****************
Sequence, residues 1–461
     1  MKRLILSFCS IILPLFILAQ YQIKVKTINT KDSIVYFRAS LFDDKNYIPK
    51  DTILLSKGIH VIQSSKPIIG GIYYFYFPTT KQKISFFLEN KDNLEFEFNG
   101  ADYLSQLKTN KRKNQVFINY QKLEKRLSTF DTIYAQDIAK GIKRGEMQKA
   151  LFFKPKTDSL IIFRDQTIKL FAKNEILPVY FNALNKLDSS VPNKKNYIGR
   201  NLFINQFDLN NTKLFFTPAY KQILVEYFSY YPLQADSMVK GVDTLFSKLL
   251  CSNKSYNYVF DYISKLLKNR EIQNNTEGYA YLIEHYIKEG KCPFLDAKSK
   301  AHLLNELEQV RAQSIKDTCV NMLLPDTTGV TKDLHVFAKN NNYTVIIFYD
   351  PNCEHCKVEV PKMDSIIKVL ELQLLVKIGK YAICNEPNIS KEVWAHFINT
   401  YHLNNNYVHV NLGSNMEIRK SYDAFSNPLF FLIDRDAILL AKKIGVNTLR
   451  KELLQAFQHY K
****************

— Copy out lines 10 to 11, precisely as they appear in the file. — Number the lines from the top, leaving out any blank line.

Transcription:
   401  YHLNNNYVHV NLGSNMEIRK SYDAFSNPLF FLIDRDAILL AKKIGVNTLR
   451  KELLQAFQHY K